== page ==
Matching Items (20)

149774-Thumbnail Image.png

Seeing isn't always believing: effects of self-awareness on defensive processing in response to a personally relevant health message

Description

This research examines the effects of using similar vs. dissimilar models in health messages on message compliance. I find that level of self-awareness moderates the effect of model similarity on message compliance. Across three studies, I demonstrate that when self-awareness

This research examines the effects of using similar vs. dissimilar models in health messages on message compliance. I find that level of self-awareness moderates the effect of model similarity on message compliance. Across three studies, I demonstrate that when self-awareness is high, a health message that contains a similar model leads to higher compliance than the same message containing a dissimilar model. On the other hand, when self-awareness is low, a health message that contains a similar model leads to lower message compliance than the same message containing a dissimilar model. Additionally, I demonstrate that the increased compliance observed when self-awareness is high and a similar model is used is associated with self-enhancing behavior and increased engagement with the ad, while the decreased compliance observed when self-awareness is low and a similar model is used is associated with disregarding the ad.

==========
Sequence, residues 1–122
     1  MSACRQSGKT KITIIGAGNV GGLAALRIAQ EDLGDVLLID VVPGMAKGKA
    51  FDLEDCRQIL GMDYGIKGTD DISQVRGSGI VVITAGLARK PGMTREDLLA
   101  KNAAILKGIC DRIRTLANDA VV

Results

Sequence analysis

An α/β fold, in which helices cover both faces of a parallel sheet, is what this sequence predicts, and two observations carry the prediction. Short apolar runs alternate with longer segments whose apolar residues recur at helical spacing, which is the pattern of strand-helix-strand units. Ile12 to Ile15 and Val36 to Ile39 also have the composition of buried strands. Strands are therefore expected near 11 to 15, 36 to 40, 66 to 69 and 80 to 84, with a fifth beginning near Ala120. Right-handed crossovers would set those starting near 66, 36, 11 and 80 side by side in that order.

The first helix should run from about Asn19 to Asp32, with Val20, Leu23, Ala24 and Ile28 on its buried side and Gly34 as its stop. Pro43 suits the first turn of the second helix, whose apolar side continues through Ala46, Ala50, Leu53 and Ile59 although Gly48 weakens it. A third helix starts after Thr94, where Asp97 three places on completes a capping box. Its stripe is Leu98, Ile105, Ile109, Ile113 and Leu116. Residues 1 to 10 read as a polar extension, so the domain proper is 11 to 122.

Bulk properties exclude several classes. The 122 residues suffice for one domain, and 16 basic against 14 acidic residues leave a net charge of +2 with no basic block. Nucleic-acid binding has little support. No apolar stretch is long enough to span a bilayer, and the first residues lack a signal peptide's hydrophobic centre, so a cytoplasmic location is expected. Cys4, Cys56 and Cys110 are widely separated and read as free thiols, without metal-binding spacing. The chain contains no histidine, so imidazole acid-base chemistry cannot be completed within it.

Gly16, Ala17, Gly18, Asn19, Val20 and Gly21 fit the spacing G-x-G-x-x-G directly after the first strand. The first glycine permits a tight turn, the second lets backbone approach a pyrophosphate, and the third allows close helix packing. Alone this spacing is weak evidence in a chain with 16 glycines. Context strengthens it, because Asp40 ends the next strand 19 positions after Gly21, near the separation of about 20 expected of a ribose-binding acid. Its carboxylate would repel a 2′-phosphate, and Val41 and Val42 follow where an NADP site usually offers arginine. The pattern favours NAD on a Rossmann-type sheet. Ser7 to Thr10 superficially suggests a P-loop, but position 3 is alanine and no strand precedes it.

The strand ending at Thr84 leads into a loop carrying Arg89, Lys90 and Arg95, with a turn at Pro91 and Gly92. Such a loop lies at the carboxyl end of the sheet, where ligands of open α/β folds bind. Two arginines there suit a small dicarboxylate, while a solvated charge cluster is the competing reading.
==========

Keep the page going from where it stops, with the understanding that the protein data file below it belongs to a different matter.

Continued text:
Contributors

Agent

Created

Date Created
2011

151981-Thumbnail Image.png

An empirical assessment of the magician's "off-beat

Description

Magicians are informal cognitive scientists who regularly test their hypotheses in the real world. As such, they can provide scientists with novel hypotheses for formal psychological research as well as a real-world context in which to study them. One domain